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In the months following the burning of John Bradford and John Leaf at the beginning of July 1555, the London authorities had heretics who had been convicted in the capital burned in villages surrounding it, instead of in Smithfield. This was undoubtedly due to fears of tumultous behaviour from the crowds drawn to the Smithfield executions.

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where, aboute the saide laste daye of Auguste, he moste constantly sealed vppe his fayth wt the consumption of his bodye by cruel fyre, yelding his soule vnto the Lorde Iesus, his onely, and moste sure redemer.

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The martirdome of Iohn Newman at Saffronwalden.

MarginaliaAugust. 31.ABoute the last daye of Auguste was Iohn Newmanne of Maydestone in Kent Pewterer, burned at Saffron Walden, in the county of Essex, for the testimonye of Christes veritye. Whose examination and condemnation, because it was in one tyme and forme, with maister Iohn Dēley I doo here omitte, referring the reder, for the knowledge therof, vnto his history, Pag. 1244. Howe be it for the better vnderstanding of the cause of hys deathe, here foloweth the confession of his fayth & beliefe, for the which they did thus cruelly persecute and burn him.

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¶ The faythe of Iohn Neweman, dwelling at maydston in Kent, who was by occupation a Peuterer. 
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This confession of faith was printed in 1563, dropped in the next two editions and re-inserted in the 1583 edition. Foxe apparently had a copy of this document in exile, as he stated that he would print it in the Rerum (p. 513), although he never did.ECL 261, fo. 61r-v is a copy of this confession.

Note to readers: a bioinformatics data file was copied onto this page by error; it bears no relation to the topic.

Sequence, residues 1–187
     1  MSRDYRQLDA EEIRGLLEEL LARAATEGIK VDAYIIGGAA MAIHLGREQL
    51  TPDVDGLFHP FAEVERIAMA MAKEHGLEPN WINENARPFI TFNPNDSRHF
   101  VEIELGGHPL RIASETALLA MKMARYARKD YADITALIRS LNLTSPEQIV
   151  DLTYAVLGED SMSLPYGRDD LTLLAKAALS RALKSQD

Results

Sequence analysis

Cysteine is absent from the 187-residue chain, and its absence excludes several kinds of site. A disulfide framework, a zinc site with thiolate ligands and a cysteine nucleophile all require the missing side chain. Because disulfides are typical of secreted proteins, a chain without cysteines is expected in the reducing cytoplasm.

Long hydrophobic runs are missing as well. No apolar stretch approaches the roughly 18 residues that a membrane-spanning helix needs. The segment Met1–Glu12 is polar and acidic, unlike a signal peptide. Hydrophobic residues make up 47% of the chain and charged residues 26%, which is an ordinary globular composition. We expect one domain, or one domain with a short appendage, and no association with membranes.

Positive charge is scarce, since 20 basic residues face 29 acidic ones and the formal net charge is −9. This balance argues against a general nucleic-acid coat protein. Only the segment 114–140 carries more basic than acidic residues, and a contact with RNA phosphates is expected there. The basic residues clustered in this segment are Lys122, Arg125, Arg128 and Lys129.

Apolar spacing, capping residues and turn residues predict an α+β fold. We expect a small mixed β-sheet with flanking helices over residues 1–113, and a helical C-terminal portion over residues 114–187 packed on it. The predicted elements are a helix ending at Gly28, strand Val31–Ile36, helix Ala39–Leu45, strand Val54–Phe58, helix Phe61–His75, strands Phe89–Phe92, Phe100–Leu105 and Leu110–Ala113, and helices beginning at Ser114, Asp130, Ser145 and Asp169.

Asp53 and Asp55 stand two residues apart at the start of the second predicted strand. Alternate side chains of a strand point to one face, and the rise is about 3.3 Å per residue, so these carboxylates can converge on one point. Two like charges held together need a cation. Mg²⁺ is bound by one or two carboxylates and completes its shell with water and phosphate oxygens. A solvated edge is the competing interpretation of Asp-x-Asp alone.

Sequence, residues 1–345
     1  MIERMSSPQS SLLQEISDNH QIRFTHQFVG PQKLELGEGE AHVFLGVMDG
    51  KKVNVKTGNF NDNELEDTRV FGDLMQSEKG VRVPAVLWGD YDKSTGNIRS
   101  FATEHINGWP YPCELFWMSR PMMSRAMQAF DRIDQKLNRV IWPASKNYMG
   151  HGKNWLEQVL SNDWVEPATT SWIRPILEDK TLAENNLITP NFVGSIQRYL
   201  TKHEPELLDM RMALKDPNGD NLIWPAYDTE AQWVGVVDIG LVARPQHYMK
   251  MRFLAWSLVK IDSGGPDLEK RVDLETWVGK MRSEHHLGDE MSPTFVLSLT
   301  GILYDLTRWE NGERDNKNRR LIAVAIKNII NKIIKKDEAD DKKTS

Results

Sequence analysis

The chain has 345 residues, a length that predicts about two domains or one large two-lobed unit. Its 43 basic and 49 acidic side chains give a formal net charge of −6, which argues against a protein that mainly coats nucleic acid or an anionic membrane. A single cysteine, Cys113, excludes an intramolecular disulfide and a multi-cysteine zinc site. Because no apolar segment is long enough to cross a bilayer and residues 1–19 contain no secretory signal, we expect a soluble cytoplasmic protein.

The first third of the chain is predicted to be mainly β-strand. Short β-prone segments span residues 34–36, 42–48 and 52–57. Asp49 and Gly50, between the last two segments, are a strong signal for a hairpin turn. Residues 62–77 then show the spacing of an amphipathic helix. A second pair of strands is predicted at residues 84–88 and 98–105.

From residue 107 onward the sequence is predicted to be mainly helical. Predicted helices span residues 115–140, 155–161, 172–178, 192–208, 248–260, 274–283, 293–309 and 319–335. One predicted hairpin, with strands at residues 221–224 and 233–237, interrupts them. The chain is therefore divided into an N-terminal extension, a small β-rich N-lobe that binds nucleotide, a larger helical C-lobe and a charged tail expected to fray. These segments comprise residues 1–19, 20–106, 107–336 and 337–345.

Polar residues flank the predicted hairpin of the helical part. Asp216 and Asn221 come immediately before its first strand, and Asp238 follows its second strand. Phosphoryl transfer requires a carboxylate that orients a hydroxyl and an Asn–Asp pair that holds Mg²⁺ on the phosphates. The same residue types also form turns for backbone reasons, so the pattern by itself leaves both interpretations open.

The Lorde is the protectour of my life. MarginaliaAbac. 2.The iust shal liue by faythe, and if he withdrawe him selfe, my soule shal haue no pleasure in him. MarginaliaHebru. 10

MarginaliaGen. 1. 2.MY faythe is that there is one God, which is withoute beginninge and without ending. This God created all thinges visible and inuisible. And after that he had made both heauen and earth with all other creatures, he made mā, and set him in þe place which he had prepared for him which place he called Eden: he gaue to Adam his commaundementes, and preceptes, and sayd, when so euer thou dost the thing which I forbid, thou shalt sureley dye the death: yet did man for all this disobey God his creatour, and after his sinne he fled from God, hid him selfe, and was in a miserable desperate case. But God seing man in this miserable estate, MarginaliaGen. 3.because he and all his posteritie should not cōtinue in deathe, promised Adam that the womans sede shoulde treade the serpentes heade, wherby is ment that the sonne of God should become man, and destroye the deuill. Whiche by his subtil perswasions had deceiued Adam. Then did Adam by fayth take holde of Gods promise, and became the seruaunte of righte-